Banks City Hall. Photo: Brenda Schaffer

BANKS - Banks Mayor Pete Edison will make the annual State of the City address at the Banks Fire District offices on Tuesday, March 5 at 12:00 p.m.  

Edison told the Post he will discuss recent and future goals the city plans to accomplish, and highlight others completed in 2018 or that are now close to fruition.

“I’m going to talk about the city’s employees, their tenure and what they do, discuss projects we’ll complete in 2019, and there’s other things I want to mention when I give the speech. I don’t want to give it all away now,” Edison said.

Edison, in his third-elected term as mayor and fourth overall after being appointed to complete the final two-year term of former mayor John Kinsky, provided a brief overview of this speech, which he said he still is crafting.

He said one of the main topics he will broach is the completion of a six-month study on new water sources and aquifer storage for the city, as well as recovery feasibility.

The Banks City Council adopted what it deemed a “water supply development moratorium corrective action plan” on February 7 on most new development because the city’s water supply is nearly at capacity.

The city plans to summarize, document and present at a public hearing with the Oregon Department of Land Conservation and Development its current and projected water system deficiencies, as well as short-term and long-term corrective measures.

City documents show Banks has water rights or groundwater permits that total 1,109 gallons per minute (GPM) of potable H2O with surface water rights authorizing 188 GPM from the west springs and 81 GPM from the east springs, which collectively are known as the Green Mountain Springs, for a total of 269 GPM.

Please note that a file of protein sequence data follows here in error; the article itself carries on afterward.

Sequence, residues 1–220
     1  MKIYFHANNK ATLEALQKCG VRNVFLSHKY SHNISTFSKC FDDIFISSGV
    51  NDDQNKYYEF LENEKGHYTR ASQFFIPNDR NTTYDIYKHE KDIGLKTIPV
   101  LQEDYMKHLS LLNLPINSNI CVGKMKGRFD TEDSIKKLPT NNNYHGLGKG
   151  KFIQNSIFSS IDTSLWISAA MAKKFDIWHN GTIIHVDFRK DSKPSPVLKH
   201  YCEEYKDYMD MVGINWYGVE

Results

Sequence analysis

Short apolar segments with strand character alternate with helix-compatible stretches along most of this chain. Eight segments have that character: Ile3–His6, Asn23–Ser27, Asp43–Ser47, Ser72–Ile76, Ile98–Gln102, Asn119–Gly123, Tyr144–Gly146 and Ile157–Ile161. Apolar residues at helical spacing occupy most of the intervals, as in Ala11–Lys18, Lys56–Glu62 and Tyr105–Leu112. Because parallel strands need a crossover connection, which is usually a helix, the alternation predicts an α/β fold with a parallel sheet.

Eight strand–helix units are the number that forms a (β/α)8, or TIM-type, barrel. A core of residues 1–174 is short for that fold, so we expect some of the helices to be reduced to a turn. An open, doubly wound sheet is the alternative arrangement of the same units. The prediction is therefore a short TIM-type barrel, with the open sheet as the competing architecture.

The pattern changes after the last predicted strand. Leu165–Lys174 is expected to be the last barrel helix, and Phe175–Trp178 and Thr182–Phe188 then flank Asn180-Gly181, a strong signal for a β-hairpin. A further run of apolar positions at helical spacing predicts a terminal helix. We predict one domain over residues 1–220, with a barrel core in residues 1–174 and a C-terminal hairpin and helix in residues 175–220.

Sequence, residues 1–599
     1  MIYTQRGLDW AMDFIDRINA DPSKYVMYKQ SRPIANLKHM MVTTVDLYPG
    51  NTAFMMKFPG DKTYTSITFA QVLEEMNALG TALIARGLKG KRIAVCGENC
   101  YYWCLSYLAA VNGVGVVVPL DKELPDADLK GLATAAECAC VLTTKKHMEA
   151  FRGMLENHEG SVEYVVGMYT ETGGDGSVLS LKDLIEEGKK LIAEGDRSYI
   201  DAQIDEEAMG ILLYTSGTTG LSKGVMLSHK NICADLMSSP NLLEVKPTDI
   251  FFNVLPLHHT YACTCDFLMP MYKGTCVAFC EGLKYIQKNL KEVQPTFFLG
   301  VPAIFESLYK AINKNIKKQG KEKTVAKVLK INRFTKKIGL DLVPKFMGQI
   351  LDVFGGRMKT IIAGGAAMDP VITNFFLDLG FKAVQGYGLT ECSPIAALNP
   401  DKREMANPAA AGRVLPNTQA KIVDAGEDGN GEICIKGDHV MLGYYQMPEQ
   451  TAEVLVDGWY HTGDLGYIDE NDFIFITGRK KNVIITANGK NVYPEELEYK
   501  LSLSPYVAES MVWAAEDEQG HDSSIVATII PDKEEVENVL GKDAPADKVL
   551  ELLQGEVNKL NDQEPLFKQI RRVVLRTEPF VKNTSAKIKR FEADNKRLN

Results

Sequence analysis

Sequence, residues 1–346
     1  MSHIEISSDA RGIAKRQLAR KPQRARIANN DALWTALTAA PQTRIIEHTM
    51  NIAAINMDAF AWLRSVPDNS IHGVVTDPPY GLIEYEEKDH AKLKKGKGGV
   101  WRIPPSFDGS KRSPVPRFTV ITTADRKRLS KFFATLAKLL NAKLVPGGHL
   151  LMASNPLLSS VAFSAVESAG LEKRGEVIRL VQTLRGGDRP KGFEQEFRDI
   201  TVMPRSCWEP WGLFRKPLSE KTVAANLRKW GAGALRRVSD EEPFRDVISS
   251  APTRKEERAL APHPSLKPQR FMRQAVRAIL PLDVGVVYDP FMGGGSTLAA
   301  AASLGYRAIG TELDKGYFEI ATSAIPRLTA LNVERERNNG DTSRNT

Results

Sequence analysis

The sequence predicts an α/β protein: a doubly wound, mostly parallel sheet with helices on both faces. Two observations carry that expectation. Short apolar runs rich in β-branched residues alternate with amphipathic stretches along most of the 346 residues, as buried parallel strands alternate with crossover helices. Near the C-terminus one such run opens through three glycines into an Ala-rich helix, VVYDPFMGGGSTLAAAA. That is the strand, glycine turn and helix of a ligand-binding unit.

Additionally, groundwater permits allow the city to withdraw a total of 750 GPM from Behrman Wells No. 1 and No. 2, however, the actual capacity of water from these sources is less than what Banks is permitted.

City documents detail that leaks in Banks’ water system along Cedar Canyon Road and Sellers Road are the primary cause of a majority of the water shortage.

Edison said the city also updated and completed its transportation system plan, specifically regarding plans to expand the east side of Banks.

“We also had some other projects that started last year but will be implemented this year,” he said. “Two of those that come to mind are water transmission-line replacement, which is going to begin this summer -- the engineering is just about complete. For the other (project) -- I’m not sure what to call it, really -- we’re doing a combination of street improvements and additional water line improvements, which will be funded by a Community Development Block Grant that’s part of a federal program. The money is administered by the county and it will be about $600,000.”

Edison added that the Commerce Street upgrade project will begin in March.

The mayor also will discuss street and sidewalk improvements being made in Arbor Village, an emergency response plan that focuses on and details earthquake preparedness, and a comprehensive plan for rewriting city code, especially its development code.

Finally, Edison said he will discuss the water moratorium in more depth, as well as the Highway 47-Banks Road intersection upgrade, which soon will resume after a six-month work hiatus.

“There’s always some other things I will think of that I want to mention,” Edison said. “What those are varies from year to year.”

Banks citizens interested in attending the 2019 State of the City are required to RSVP with City Recorder Angie Lanter by calling 503-324-5112 or by sending an email to alanter@cityofbanks.org. Lunch will be provided prior to the speech. For more information contact Lanter.